Open records requests have increased so much in Richardson that the city secretary's staff must hire a third employee.
City Secretary Pamela Schmidt told The Dallas Morning News that she and her assistant spend much of their time fulfilling the requests, which have risen from 257 in 2008 to more than 300 in 2009.
"We need staff," she said. "We need to get this done."
Schmidt, president of the Texas Municipal Clerks Association, says there is no pattern of increasing numbers of requests across the state or region, but some cities are experiencing similar increases.
She attributes the spike in part to the public being more aware that they can get information from the government. Also, it's easier now to file requests via the Internet.
Richardson resident Nathan Morgan said filing an open records request is the only way to get questions answered completely.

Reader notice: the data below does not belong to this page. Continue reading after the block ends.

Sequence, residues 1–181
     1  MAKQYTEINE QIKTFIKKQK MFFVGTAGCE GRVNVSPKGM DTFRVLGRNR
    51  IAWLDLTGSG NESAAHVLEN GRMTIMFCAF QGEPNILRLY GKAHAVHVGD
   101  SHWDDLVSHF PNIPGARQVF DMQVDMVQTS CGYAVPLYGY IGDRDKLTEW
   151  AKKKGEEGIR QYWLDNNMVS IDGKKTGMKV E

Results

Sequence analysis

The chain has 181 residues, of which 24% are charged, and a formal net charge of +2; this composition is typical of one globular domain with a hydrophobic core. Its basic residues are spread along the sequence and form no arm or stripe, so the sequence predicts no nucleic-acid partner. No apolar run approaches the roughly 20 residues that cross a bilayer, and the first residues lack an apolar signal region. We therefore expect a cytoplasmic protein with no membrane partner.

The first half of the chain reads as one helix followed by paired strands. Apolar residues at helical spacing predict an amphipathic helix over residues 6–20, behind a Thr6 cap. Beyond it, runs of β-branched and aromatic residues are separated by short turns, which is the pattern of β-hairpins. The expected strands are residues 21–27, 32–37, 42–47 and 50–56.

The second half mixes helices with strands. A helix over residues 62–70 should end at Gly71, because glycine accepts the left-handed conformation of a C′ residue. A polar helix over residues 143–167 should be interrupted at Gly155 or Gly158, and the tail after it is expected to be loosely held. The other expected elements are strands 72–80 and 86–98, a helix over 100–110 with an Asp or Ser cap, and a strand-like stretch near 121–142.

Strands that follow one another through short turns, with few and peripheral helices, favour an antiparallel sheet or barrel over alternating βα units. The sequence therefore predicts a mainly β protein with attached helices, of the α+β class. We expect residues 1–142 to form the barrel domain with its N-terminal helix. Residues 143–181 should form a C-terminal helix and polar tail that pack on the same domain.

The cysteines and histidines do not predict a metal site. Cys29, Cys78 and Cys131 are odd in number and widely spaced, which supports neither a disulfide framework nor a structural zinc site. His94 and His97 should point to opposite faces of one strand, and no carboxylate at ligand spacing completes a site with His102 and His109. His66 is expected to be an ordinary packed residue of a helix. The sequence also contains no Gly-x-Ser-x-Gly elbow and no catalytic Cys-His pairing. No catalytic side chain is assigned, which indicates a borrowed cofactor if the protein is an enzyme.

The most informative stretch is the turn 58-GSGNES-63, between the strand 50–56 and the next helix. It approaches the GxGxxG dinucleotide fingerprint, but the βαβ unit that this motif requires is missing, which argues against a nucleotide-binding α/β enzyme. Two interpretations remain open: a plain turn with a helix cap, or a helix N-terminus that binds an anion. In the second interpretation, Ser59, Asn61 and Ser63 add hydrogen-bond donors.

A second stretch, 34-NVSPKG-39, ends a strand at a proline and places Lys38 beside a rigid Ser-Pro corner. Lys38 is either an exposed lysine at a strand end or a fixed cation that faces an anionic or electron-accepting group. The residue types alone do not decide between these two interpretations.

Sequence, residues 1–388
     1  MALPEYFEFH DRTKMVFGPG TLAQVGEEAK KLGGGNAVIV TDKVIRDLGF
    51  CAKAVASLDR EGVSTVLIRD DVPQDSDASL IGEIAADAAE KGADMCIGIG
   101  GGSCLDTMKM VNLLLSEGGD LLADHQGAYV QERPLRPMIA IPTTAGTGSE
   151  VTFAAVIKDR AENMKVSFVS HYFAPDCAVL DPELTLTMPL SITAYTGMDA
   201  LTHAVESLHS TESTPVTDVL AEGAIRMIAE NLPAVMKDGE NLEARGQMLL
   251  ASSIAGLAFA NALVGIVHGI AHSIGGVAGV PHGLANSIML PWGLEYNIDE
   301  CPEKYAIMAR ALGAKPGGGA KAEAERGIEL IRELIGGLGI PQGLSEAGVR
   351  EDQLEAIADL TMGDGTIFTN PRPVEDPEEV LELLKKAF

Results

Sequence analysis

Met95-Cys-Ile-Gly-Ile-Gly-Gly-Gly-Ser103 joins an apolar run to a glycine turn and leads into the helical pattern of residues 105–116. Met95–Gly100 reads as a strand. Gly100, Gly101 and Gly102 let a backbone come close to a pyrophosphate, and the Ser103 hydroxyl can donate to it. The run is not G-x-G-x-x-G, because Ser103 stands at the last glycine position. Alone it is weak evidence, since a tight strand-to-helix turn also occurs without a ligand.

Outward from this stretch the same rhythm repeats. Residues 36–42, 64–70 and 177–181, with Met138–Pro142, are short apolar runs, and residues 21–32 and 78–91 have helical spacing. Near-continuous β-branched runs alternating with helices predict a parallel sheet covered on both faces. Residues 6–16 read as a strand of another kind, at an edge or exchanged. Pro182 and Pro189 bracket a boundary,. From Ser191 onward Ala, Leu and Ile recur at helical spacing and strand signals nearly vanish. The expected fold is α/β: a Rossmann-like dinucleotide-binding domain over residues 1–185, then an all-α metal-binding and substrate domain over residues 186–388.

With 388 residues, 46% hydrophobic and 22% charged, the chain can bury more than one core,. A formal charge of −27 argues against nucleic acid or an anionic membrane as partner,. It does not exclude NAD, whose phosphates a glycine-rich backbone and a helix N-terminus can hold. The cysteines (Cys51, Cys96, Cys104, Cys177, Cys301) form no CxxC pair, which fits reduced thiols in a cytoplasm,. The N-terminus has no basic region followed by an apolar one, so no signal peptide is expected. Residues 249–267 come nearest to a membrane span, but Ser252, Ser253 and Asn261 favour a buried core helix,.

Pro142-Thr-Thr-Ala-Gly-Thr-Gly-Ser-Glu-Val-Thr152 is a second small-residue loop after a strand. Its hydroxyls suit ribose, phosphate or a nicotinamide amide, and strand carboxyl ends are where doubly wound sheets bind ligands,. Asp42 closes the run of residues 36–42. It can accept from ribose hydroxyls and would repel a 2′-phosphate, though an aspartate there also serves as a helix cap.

Morgan said some of the 38 requests he has filed are follow-ups because an initial query did not produce "the right document to get the right information."
Schmidt also said more businesses are asking for records.
While Richardson is adding staff to deal with the increase, other cities have used technology to manage records.
Over the past decade, requests in Coppell have dropped from about 3,500 in 1999 to about 600 in 2009. City Secretary Libby Ball said five people accounted for 95 percent of the requests in 1999.
She attributes the drop to the use of a document management software called Laserfiche and seeing some of the people who made the most requests stop asking for records.
"According to Laserfiche, we were one of the first to go across the board, putting everything up," Ball said. "One man was concerned we were hiding stuff. Once we put in Laserfiche, he could see everything out there."